2. if the ratio between central minimum surface and exterior port surface is smaller than 1/10. this is just a safety feature based on my tests, where narrowing the central cross section area to 10% of port mouth area worked flawlessly. It might even be possible to extend this ratio
both warnings ask you to increase the effective exterior diameter or decrease the actual length.

NFR (normalized flare rate) is fixed to 0,5 for this first version, thus the flare radius is equal to the actual port length.

you can use your defined actual port length and the calculated effective surface area to feed a simulation tool of your choice with data for a equivalent tube port. the tuning of this simulation will be correct, but the air speeds / air particle displacement and the volume occupied by port will not.

The excel sheet is protected except user data fields just to avoid unintended changes, but there is no password protection, so feel free to unlock it!

If you find any bugs please let me know!

View attachment 1317588

0.84hz tune in a 1ft3 enclosure with a 1" diameter x 1" length port?

Screenshot_20240603_062229_Excel.jpg
 

stv

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0.84hz tune in a 1ft3 enclosure with a 1" diameter x 1" length port?
yes, with a speed of sound of 10 m/s, as you defined.
you might just leave it at 340 m/s or change it according to your meteorological situation (but that won't change it to 10 m/s).

"In Earth's atmosphere, the speed of sound varies greatly from about 295 m/s (1,060 km/h; 660 mph) at high altitudes to about 355 m/s (1,280 km/h; 790 mph) at high temperatures."
https://en.wikipedia.org/wiki/Speed_of_sound
 

stv

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Joined 2005
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thanks for your suggestions, @augerpro!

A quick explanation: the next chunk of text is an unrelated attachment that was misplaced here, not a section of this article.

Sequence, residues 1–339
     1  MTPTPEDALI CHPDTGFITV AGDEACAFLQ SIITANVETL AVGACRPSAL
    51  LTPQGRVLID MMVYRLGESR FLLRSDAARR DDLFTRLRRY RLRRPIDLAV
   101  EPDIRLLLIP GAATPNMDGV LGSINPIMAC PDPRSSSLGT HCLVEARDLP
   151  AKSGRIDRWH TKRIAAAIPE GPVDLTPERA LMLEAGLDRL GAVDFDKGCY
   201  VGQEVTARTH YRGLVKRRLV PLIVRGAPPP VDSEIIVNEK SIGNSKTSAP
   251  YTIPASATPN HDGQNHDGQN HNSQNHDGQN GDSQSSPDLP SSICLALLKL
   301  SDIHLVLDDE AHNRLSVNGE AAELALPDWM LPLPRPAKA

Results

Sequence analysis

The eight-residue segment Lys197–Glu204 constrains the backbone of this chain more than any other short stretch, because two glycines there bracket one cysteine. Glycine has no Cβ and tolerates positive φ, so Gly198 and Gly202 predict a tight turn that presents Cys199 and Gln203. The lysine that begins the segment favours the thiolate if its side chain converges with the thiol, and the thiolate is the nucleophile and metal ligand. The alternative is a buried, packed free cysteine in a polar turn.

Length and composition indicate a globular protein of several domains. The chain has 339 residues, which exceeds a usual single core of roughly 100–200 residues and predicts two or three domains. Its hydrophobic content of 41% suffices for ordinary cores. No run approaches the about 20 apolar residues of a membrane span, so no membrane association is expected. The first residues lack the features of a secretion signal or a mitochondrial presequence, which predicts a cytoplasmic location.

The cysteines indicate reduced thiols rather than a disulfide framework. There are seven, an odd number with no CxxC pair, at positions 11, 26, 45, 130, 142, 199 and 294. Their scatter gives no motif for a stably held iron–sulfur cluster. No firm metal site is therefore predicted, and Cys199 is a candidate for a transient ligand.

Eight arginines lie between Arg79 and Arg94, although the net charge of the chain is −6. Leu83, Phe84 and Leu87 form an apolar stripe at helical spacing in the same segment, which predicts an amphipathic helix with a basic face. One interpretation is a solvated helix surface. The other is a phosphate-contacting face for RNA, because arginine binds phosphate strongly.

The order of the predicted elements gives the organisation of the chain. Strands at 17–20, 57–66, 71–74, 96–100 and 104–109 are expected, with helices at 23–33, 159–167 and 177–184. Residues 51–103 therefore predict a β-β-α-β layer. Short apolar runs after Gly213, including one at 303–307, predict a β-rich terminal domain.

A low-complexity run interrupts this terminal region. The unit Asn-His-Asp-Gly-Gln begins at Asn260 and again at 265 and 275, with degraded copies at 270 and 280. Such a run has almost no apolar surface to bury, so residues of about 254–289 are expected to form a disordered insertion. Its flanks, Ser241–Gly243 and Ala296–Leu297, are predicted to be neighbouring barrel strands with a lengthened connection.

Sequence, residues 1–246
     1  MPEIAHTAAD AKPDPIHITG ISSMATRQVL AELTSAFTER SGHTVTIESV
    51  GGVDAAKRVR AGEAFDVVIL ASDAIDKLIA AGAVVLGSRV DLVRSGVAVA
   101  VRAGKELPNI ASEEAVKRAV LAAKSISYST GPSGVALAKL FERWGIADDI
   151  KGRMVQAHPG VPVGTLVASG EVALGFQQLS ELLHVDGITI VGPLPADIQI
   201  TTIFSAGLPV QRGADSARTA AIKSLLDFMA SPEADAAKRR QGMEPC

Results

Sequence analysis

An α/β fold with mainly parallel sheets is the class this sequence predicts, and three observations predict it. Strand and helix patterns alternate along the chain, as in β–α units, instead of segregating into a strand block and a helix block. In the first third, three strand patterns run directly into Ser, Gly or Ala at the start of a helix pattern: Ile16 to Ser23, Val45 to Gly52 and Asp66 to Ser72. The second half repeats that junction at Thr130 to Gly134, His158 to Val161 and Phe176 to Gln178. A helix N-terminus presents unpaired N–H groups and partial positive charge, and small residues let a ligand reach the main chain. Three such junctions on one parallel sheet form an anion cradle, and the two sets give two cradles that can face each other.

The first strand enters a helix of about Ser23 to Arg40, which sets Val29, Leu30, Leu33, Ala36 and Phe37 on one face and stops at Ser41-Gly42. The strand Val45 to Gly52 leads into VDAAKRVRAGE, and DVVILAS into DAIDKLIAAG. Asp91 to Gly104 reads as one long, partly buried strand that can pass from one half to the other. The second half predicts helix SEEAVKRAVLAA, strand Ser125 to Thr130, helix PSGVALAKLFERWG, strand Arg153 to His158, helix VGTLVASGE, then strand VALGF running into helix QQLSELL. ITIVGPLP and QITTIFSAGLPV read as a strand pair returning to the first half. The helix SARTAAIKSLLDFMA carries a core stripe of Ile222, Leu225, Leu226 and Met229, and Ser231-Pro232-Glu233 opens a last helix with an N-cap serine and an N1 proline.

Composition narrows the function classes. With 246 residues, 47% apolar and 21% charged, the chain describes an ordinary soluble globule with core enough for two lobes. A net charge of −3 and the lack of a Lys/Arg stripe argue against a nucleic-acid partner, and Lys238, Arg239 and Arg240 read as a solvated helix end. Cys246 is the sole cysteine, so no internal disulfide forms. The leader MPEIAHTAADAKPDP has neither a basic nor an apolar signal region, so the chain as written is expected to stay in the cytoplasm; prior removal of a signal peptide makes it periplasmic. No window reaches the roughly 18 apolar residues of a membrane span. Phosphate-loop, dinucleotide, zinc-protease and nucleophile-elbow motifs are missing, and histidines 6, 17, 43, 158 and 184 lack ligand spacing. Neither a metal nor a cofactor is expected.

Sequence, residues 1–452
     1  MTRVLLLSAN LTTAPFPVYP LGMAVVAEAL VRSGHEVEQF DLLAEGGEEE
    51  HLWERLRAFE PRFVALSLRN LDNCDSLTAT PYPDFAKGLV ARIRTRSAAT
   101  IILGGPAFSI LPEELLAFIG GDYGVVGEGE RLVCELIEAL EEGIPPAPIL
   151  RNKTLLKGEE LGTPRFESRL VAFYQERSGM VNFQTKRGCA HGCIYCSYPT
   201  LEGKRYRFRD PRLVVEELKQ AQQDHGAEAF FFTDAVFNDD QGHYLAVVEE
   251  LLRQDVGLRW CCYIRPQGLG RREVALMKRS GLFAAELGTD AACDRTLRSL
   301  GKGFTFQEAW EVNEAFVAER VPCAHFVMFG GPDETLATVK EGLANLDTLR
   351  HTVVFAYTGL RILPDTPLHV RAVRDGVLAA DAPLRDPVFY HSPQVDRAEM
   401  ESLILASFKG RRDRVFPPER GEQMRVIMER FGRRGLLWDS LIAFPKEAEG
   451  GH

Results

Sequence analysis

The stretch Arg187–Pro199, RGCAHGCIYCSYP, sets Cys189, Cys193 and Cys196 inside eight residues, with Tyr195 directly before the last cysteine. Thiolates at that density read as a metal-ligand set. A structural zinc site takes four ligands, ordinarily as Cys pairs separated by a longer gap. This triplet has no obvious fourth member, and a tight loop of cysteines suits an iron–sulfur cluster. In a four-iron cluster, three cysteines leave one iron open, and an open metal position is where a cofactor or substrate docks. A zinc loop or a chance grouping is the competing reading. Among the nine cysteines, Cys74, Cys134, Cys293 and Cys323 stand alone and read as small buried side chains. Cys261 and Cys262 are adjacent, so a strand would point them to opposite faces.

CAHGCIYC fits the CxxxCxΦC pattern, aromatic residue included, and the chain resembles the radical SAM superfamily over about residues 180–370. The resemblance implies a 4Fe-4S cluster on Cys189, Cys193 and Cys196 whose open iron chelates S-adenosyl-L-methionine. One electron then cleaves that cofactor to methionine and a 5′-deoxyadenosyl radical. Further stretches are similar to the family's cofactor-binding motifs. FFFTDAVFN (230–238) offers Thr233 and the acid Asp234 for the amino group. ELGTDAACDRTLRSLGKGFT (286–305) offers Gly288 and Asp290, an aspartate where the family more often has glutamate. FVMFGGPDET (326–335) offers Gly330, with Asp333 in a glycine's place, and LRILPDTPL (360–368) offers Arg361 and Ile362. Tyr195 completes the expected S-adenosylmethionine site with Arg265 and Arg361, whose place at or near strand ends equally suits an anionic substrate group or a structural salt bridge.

how are you handling end correction in the spreadsheet?
It follows the formula by salvatti/devantier/button and it's incredibly simple: you just add the minimum diameter to the actual port length. see post #600 with the relevant paper excerpt.

I would prefer a user input, or, for less complexity, use no end correction and leave it to the user according their build methods.
That's again very simple: just use the the actual length input data and you have no end correction values added.
that's what I suggested for using the data in a simulation program:
you can use your defined actual port length and the calculated effective surface area to feed a simulation tool of your choice with data for a equivalent tube port. the tuning of this simulation will be correct, but the air speeds / air particle displacement and the volume occupied by port will not.


Also, you might verify the predicted Fb is correct by printing a variety of ports and measuring impedance.
I already did that, but here is a more refined and extended comparison table:

BIG port
10 cm length
5,76 cm effective exterior diam.
(3 cm minimum diameter)
MEDIUM port
9,4 cm length
5,55 cm effective ext. diam.
(3 cm minimum diameter)
reused failed "progressive
geometry" port
from my
bandpass test speaker
7,26 cm length
4 cm eff. ext. diam.
(2 cm minimum diameter)
measured tuning frequency
(impedance phase = 0°
between bass reflex peaks)
48,9 Hz49,8 Hz39,0 Hz
tuning frequency as
calculated with excel tool
48,86 Hz (-0,08%)49,32 Hz (-0,96%)38,62 Hz (-0,97%)
tuning frequency using
effective port surface area
and the actual port length
and simulating in hornresp
50,4 Hz (+3,07%)50,9 Hz (+2,21%)39,8 Hz (+2,05%)

that seems to be quite OK, but I will do further verification measurements!
Would you mind checking the tool with some of your test ports?

I quickly realized one issue (or feature?) in my tool: it is a bit "dangerous" to calculate the most important parameter (the minimum diameter) based on the unprecise ("soft") effective exterior diameter parameter.
I should probably add a remark that for verifying an existing flared port it's essential to get the center diameter right, even if the exterior diameter differs slightly.
But I guess it is OK for defining the geometry for a port still to be built.

I've had a heck of a time predicting the length for my ports (which are Roozen-type and NFR=.5 also).

so did I - the third port in the above table was such a failed part for my other test speaker.
I think it is mostly tied to aspect ratio of the port minimum diameter and length, but it is not a straight line relationship, but a curve.

exactly! That's how the salvatti et al. formula works (post #600).
My excel sheet first calculates the minimum diamater geometrically, using the length and the exterior diameter, for convenience.